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Crime Against Disabled People

Volume 569: debated on Wednesday 14 February 1996

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3.5 p.m.

Whether there has been an increase in crime against disabled people; and if so what steps are being taken to combat it.

My Lords, the recorded crime figures do not provide information on crime suffered specifically by disabled people. The 1994 British Crime Survey has provided information on the level and nature of crime experienced by disabled people, but any trends will not be discernible until the results of the same questions in the 1996 British Crime Survey are known.

My Lords, despite that negative Answer, is the Minister aware that research shows that disabled people are three times more likely to be attacked in their homes and are also more likely to be attacked outside their homes than non-disabled people? Fear plays a large and damaging role in their lives. Cannot the department co-ordinate the work between the agencies involved— the police, the crime prevention panels and disabled people's organisations themselves— and do so preferably under the auspices of the Home Office Working Party, which should be fully funded?

My Lords, I thank the noble Lord for his questions. The British Crime Survey, which is a respected survey and takes into account some 14,500 applicants, 19 per cent. of which comprises information returned from disabled people, shows that there was little difference between crime suffered by disabled people and crime suffered by non-disabled people.

My Lords, is my noble friend aware that some disabled people who live on their own leave their front doors unlocked in case they need help from outside in an emergency? As this is tempting to thieves, will the Government encourage local arrangements, such as spare keys being held at police stations, so that these doors can be kept locked?

My Lords, I understand what my noble friend is asking. I also understand that this facility is available in some form. It is something that we shall be looking at later.

My Lords, is the noble Earl aware that there are increasing reports that employees of private agencies which provide domiciliary care in the community are pilfering from old people, using their telephones and abusing their duties to the people they are caring for, both the old and the disabled? Do the Government intend to license the agencies which provide the care so that employees can be properly trained and vetted?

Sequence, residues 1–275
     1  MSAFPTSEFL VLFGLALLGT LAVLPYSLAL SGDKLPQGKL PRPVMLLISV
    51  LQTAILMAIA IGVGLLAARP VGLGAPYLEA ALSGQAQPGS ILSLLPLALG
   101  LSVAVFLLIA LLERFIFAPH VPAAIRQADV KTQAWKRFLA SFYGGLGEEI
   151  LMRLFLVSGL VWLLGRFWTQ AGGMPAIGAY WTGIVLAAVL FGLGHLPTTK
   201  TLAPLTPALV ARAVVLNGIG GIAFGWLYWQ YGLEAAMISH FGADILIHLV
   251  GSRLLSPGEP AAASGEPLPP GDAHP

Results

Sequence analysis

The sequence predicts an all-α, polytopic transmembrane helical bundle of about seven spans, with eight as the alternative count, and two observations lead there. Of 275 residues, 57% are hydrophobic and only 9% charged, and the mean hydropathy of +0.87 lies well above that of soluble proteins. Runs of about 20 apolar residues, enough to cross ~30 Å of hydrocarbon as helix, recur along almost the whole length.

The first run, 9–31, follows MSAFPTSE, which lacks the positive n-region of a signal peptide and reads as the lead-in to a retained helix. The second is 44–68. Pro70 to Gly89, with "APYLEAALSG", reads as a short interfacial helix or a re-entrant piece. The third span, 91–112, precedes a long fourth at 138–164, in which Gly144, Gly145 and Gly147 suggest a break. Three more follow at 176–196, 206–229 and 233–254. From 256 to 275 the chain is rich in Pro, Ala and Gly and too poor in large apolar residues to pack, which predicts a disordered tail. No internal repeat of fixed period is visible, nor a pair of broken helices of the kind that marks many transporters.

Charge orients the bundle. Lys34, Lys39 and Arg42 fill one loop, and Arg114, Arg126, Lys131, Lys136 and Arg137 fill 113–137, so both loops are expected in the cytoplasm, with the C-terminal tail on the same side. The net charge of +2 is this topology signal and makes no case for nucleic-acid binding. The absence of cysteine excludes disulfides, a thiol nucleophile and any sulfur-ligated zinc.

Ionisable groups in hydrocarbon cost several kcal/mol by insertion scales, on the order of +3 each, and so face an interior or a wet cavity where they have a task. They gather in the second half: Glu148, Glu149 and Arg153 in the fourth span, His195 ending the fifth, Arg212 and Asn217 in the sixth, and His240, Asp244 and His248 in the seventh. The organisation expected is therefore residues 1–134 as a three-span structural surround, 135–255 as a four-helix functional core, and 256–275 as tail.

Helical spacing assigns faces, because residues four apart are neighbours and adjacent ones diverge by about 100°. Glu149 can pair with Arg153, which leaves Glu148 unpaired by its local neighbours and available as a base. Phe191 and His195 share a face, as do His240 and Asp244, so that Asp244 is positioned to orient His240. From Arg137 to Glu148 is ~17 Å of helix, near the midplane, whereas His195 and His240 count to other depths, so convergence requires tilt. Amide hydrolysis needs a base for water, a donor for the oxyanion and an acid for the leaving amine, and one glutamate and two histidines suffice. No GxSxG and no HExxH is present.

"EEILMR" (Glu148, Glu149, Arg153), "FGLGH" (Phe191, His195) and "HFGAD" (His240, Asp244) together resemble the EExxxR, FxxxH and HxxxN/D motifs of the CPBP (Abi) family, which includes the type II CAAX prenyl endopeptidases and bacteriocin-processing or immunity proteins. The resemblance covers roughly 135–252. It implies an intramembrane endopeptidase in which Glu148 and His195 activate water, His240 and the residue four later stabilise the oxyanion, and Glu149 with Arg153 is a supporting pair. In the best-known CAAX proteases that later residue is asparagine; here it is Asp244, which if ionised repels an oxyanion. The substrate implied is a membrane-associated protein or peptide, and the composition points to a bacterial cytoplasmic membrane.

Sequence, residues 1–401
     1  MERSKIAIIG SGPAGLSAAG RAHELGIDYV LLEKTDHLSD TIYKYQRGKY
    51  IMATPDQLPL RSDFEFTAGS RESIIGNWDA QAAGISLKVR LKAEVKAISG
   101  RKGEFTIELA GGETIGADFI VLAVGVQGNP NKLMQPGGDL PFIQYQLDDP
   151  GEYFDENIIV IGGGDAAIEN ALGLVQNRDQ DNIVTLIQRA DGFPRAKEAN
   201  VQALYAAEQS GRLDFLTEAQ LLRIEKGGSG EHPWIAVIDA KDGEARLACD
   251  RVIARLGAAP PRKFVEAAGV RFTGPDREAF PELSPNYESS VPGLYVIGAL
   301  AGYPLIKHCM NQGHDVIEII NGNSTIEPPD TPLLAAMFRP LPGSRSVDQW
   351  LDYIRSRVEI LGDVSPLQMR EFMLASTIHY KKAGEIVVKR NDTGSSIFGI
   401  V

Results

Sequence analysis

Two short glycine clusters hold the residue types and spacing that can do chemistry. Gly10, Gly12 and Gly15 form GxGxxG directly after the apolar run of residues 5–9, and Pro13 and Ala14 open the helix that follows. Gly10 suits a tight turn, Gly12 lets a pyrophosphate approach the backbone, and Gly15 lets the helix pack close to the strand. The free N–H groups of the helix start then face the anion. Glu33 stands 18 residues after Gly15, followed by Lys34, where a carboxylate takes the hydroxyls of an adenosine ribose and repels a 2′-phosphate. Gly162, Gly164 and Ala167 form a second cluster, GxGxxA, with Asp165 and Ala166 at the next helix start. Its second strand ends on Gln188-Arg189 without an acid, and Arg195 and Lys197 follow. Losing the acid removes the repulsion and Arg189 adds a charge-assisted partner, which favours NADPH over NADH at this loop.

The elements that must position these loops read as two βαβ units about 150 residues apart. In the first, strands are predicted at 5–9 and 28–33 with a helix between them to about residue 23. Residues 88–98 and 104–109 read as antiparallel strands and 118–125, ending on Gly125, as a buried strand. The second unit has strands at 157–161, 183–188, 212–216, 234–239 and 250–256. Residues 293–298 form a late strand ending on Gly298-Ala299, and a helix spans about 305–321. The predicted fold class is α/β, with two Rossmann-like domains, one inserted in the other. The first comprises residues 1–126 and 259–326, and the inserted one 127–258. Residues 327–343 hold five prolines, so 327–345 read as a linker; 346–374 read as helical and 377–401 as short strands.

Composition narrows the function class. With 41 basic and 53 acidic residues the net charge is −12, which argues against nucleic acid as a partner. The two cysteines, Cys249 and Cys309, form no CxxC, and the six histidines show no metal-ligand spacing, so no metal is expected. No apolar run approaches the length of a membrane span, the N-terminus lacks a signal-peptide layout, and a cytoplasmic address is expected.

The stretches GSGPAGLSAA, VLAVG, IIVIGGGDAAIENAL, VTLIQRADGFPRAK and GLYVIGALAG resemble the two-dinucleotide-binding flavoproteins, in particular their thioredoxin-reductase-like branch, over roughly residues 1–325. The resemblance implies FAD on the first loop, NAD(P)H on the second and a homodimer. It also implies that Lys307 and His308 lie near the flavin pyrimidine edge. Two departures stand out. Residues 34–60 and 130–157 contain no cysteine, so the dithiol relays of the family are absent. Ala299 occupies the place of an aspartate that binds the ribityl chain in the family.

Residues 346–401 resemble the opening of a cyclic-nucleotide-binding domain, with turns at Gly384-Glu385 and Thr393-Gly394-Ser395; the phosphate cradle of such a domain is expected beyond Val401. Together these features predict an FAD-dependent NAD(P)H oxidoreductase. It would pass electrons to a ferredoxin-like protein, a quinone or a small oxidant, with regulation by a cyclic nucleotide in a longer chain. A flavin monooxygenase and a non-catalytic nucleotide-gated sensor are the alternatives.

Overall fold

My Lords, the noble Countess is correct. Such activities should be utterly deplored. Local authorities are responsible for setting and monitoring quality standards both for people they employ directly and for independent agencies with which they have contact. The Department of Health is currently carrying out a major review of the way in which social services are regulated and inspected. I am sure that this factor will be taken into account in that review.

My Lords, I find the Minister's response to that question rather strange in view of the fact that the Government turned down an Opposition amendment only yesterday on the registration of agencies for the disabled and their staff. Would it not have been helpful to have acceded to that amendment which would have helped the cause that the noble Countess, Lady Mar, is urging?

My Lords, I believe that that question is somewhat wide of the Question on the Order Paper. I understand the point that the noble Lord is trying to make. I believe that we were debating the Broadcasting Bill yesterday afternoon—

My Lords, is the Minister aware that the Home Office has a working party looking into the problems of disabled people and crime? Is the Minister further aware that the Suzy Lamplugh Trust and the Greater London Association for Disabled People have also carried out some research and that all these combine to agree that crime against disabled people is very serious and far more important than it is for normal people? I find the Minister's answer quite inexplicable. I should be most grateful if he would look at the matter again because we want some action as these people are terrified. It is not good enough to say that we do not know.

My Lords, I apologise to the noble Lord if he does not feel that I am being sympathetic towards the problems afflicting disabled people. I am aware of the work of the Home Office. It has recently assisted the Susie Lamplugh Trust in the production of a consultative document on personal safety for disabled people and a leaflet entitled Out and About, which gives specific advice to disabled people on how to keep safe when travelling around. There are other areas in which the Home Office has provided information. In fact, there is a Home Office booklet entitled Your Practical Guide to Crime Prevention, which covers areas of safety at home and travelling about.